The photograph shows a typical Wey barge at the wharf transferring
it’s load. You can clearly see the open fields, a small cottage
and hay stacks in the fields behind the wharf. The horses and cart
are ready for the off. The sign on the wooden gable end of the building
on the left is an advert for the Queen's Head pub, still there today,
in Parvis Road as you enter Byfleet Village.
This photograph, part
of the Harry Stevens Collection owned by Guildford Museum, is undated
in their collection, but by a process of elimination, we have dated
it to 1910, 1911 or 1912. It clearly shows a typical Wey Barge operated
by the Stevens family and built by the Edwards family at Dapdune
Wharf. As these barges were all built between 1910 and 1936 the
photo cannot be earlier than 1910. In the bottom left of the photo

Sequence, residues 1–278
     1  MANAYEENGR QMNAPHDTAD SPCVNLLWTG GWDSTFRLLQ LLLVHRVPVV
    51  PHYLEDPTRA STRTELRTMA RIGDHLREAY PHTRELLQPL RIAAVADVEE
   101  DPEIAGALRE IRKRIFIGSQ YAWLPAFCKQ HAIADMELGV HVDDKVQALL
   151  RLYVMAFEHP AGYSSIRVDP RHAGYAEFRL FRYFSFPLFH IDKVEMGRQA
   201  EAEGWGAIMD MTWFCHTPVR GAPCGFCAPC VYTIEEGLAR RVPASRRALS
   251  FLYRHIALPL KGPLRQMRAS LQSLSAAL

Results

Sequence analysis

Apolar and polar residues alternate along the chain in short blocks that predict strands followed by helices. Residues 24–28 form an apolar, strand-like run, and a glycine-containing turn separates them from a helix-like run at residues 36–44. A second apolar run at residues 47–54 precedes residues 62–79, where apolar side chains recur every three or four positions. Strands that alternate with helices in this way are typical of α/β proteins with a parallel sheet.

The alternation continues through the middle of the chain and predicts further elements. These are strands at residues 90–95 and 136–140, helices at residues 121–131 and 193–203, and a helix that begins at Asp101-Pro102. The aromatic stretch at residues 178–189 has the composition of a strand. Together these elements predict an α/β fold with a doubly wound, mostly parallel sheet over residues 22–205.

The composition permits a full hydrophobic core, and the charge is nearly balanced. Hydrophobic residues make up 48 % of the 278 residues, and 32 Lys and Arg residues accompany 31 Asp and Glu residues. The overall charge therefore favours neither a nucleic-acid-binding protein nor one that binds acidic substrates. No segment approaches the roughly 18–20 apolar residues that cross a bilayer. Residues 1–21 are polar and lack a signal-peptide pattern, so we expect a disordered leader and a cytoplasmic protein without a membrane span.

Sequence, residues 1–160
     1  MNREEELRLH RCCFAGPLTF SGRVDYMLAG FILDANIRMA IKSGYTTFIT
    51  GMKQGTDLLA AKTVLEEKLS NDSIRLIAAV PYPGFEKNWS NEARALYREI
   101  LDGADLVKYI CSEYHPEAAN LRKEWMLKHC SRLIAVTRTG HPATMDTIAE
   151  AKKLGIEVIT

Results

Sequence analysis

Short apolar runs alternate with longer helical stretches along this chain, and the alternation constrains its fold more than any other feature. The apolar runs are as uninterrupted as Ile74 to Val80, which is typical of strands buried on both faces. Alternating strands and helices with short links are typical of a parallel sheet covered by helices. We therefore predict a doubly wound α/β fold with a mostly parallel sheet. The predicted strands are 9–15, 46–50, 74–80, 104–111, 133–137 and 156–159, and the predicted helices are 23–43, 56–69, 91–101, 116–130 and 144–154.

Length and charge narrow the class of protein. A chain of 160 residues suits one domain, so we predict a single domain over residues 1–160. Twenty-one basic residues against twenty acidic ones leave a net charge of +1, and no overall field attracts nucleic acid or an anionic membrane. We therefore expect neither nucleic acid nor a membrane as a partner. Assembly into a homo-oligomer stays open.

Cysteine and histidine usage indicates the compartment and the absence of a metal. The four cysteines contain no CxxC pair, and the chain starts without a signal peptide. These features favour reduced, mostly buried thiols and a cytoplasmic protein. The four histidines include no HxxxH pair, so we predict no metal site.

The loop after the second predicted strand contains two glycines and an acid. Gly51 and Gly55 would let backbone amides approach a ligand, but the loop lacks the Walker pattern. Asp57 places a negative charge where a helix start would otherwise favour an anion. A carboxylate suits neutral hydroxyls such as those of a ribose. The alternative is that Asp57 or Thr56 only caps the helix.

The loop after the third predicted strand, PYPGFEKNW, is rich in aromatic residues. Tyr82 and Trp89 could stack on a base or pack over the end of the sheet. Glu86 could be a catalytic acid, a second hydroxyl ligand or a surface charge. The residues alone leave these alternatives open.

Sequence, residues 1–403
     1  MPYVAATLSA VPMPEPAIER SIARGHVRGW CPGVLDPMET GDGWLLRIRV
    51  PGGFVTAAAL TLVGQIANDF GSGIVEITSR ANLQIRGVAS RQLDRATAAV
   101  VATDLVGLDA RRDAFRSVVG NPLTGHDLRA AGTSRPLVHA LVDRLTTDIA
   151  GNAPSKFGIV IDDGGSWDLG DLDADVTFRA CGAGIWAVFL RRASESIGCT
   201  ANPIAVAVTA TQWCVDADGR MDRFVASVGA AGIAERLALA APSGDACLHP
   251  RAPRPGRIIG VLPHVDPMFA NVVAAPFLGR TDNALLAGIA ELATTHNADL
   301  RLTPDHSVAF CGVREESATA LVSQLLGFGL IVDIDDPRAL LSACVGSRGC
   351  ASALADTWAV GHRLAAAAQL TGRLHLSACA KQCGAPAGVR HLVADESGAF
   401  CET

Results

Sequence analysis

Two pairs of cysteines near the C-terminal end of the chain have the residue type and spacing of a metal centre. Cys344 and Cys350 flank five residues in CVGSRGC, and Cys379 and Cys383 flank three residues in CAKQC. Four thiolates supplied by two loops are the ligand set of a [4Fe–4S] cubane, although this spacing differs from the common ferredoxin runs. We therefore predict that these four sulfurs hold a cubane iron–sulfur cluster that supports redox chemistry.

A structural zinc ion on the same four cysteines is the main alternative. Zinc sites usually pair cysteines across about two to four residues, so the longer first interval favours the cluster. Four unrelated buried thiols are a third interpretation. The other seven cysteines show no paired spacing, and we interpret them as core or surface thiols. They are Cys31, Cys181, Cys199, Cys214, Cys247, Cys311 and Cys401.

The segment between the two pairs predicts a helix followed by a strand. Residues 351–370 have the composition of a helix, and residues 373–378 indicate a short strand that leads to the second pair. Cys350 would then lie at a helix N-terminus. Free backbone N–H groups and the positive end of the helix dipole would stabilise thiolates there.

you can see the brick wing wall of Parvis Bridge. In 1912 the single
track wing-walled bridge was replaced with the current one, therefore
dating this photo to no later than 1912. Parts of the base of the
wing wall can still be seen today at Parvis Wharf.
is somewhat different - the Grist Mill, the building on the left,
has been extended to two floors, and is easily recognised by its
distinctive gantry protruding from the upper floor out towards the
water. The one in the middle has been demolished (foundations still
visible today) and the Barn, the building on the right, is much
the same as it was in 1910. The M25 runs right through the hay-stacks!
The Grist Mill is
believed to have been built around 1800 as a wharf store/warehouse.
It got its name in the 1930s when occupied by Surrey Grist Mills
Ltd and it is thought that the upstairs was added at this time.
Origins and purpose of the Barn as less clear, but it is understood
to date to about 1880, and has some wonderful oak timbers inside.
We are pleased to
be the tenants of Parvis Wharf, full of history and character, and
bringing to it another waterway related business in keeping with
For more information on the River
Wey: its facilities, history, wildlife, famous sons & daughters,
The National Trust:- http://www.nationaltrust.org.uk/riverwey
Wey Valley Exchange:- http://www.weyriver.co.uk/theriver